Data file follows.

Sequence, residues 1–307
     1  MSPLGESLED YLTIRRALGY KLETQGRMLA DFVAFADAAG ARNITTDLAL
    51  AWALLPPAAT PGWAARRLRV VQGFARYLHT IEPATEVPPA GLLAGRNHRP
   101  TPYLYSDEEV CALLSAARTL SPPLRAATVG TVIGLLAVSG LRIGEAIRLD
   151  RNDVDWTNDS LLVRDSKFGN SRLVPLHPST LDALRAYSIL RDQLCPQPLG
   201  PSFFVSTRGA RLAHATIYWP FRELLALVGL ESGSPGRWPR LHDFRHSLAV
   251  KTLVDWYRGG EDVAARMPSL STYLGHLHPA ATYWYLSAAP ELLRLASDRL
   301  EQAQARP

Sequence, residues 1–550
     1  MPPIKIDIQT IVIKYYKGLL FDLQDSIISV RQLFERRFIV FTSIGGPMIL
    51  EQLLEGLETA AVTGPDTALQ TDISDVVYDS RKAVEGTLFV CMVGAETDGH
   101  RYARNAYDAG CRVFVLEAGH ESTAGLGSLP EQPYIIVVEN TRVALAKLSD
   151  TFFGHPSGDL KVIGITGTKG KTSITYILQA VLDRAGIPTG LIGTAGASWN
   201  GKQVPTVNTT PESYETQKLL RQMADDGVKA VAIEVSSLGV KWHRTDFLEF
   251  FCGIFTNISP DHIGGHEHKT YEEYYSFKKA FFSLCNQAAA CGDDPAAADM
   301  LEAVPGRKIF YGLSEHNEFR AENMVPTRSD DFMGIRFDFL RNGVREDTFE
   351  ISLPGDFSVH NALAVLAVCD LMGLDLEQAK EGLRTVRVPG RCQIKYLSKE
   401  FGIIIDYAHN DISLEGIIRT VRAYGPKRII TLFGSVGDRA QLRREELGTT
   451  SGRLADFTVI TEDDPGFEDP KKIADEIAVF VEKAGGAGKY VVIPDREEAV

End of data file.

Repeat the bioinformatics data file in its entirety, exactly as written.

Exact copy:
Sequence, residues 1–307
     1  MSPLGESLED YLTIRRALGY KLETQGRMLA DFVAFADAAG ARNITTDLAL
    51  AWALLPPAAT PGWAARRLRV VQGFARYLHT IEPATEVPPA GLLAGRNHRP
   101  TPYLYSDEEV CALLSAARTL SPPLRAATVG TVIGLLAVSG LRIGEAIRLD
   151  RNDVDWTNDS LLVRDSKFGN SRLVPLHPST LDALRAYSIL RDQLCPQPLG
   201  PSFFVSTRGA RLAHATIYWP FRELLALVGL ESGSPGRWPR LHDFRHSLAV
   251  KTLVDWYRGG EDVAARMPSL STYLGHLHPA ATYWYLSAAP ELLRLASDRL
   301  EQAQARP

Sequence, residues 1–550
     1  MPPIKIDIQT IVIKYYKGLL FDLQDSIISV RQLFERRFIV FTSIGGPMIL
    51  EQLLEGLETA AVTGPDTALQ TDISDVVYDS RKAVEGTLFV CMVGAETDGH
   101  RYARNAYDAG CRVFVLEAGH ESTAGLGSLP EQPYIIVVEN TRVALAKLSD
   151  TFFGHPSGDL KVIGITGTKG KTSITYILQA VLDRAGIPTG LIGTAGASWN
   201  GKQVPTVNTT PESYETQKLL RQMADDGVKA VAIEVSSLGV KWHRTDFLEF
   251  FCGIFTNISP DHIGGHEHKT YEEYYSFKKA FFSLCNQAAA CGDDPAAADM
   301  LEAVPGRKIF YGLSEHNEFR AENMVPTRSD DFMGIRFDFL RNGVREDTFE
   351  ISLPGDFSVH NALAVLAVCD LMGLDLEQAK EGLRTVRVPG RCQIKYLSKE
   401  FGIIIDYAHN DISLEGIIRT VRAYGPKRII TLFGSVGDRA QLRREELGTT
   451  SGRLADFTVI TEDDPGFEDP KKIADEIAVF VEKAGGAGKY VVIPDREEAV